Cambridge SoundWorks, Inc. | Encyclopedia.com

100 Brickstone Square
Andover, Massachusetts 01810
U. S.A.
Telephone: (978) 475-3608
Toll Free: (877) 937-4434
Fax: (978) 475-7265
Web site: http://www.cambridgesoundworks.com

Wholly Owned Subsidiary of Creative Technology, Inc.
Incorporated: 1988
Employees: 250 (est.)
Sales: $50 million (1997)
NAIC: 334310 Audio and Video Equipment Manufacturing

Located outside of Boston, Massachusetts, Cambridge SoundWorks, Inc. is a subsidiary of Creative Technology and manufactures a wide range of speaker systems for home stereo, home theater, car audio, and personal computers. Products are sold through 24 retail locations, with 12 located in Massachusetts, seven in California, three in New Hampshire, and two in Maine. Cambridge SoundWorks sells to the New York market through an exclusive distribution deal with J&R Music and Computer World, a major electronic retailer in the city. In addition, the company sells through its own catalog and a sister Web site, hifi.com, and Creative Labs distributes its multimedia speakers around the world.

Early Life and Career of Henry Kloss

Legendary audio engineer Henry Kloss was born in Altoona, Pennsylvania, in 1929 and raised in the area. As a boy, he was a precocious builder, adding rooms and bathroom fixtures to the cabin he shared with his mother and two sisters. To support his studies at the Massachusetts Institute of Technology (MIT), which he entered in 1948, Kloss worked part-time for a contractor. He purchased woodworking tools in order to make furniture for his apartment, but instead became involved in audio, building enclosures for a speaker system designed by an MIT professor and his student to improve the sound of live FM broadcasts of the Boston Symphony Orchestra. Drafted into the service during the Korean War, Kloss dropped out of MIT and would never complete his degree. While stationed in New Jersey, however, he a took a night course in high fidelity at New York University. His teacher, Edgar Villchur, had an idea for a new loudspeaker, and after Kloss was discharged from the service he teamed up with Villchur in 1953 to found Acoustic Research to develop and manufacture it. Two other partners, Malcolm Lowe and J. Anton Hoffman, provided $5,000 in seed money, and Kloss supplied the facility, an abandoned furniture factory in East Cambridge where he was already operating a cabinet and speaker-assembly shop.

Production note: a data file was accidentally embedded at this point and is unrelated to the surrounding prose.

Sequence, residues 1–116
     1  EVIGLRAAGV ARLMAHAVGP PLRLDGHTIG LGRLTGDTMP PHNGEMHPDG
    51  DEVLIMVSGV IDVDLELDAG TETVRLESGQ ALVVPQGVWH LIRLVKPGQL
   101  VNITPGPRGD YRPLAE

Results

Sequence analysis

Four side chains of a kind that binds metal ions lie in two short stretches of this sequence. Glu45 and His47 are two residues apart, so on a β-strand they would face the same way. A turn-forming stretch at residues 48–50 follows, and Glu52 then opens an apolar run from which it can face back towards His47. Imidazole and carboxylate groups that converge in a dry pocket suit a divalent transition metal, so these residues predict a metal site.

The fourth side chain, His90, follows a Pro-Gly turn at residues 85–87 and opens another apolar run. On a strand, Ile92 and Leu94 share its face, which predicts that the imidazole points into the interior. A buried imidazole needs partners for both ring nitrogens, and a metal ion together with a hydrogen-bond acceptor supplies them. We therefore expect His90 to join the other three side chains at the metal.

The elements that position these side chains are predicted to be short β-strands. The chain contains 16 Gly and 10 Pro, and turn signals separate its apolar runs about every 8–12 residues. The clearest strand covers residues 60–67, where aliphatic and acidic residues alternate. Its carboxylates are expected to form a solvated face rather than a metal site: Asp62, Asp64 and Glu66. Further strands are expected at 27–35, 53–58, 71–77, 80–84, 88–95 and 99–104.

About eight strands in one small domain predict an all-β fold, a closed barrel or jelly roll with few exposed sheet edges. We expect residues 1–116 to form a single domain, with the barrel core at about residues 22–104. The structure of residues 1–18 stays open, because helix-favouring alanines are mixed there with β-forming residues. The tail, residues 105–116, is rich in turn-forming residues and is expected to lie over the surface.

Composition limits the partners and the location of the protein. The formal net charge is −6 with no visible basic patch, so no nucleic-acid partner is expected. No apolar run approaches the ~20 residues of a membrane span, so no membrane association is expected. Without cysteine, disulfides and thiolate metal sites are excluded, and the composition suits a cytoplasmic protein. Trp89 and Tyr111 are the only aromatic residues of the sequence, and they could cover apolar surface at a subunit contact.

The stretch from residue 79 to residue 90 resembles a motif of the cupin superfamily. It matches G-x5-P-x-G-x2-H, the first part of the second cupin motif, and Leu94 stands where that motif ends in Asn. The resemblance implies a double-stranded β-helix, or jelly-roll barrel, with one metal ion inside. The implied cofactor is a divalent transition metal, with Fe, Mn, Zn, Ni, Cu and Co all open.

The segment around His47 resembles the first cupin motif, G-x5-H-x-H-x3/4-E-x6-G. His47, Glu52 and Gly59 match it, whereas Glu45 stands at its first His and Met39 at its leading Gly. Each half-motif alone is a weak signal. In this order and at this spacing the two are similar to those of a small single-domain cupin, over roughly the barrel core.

Developing Villchur’s idea, Kloss designed the first acoustic-suspension loudspeaker, the AR-1, which used air in a sealed cabinet to better produce sound than any product before it. The system was exceptionally good with low frequency sounds, which were crucial in the reproduction of classical music, yet it did not sacrifice quality in the rest of the frequency range. Until that time, in order to realize good-sounding bass, audio designers would have had to resort to building speakers the size of a refrigerator. The AR-1 was so far ahead of its time that early demonstrations to retailers were met with suspicion. Surely some kind of trickery was involved, because everyone knew that good bass could never emerge from such small, bookshelf speakers. Once the dealers became believers, the AR-1 forever changed the hi-fi industry.

Although Kloss was a gifted designer, much of his success was a triumph of perspiration over inspiration. What truly separated him from others, however, was his ear. Kloss simply knew what sounded good. Unconcerned with a strict adherence to accepted design specifications, he was committed to producing a broad, smooth, clean sound that would become recognized by audiophiles as the “Boston sound.” Moreover, he was devoted to producing affordable products, more interested in making quality audio components available to ordinary people than in amassing wealth. Like an artist, or perhaps a prophet, Kloss began to develop a cult-like following for his work.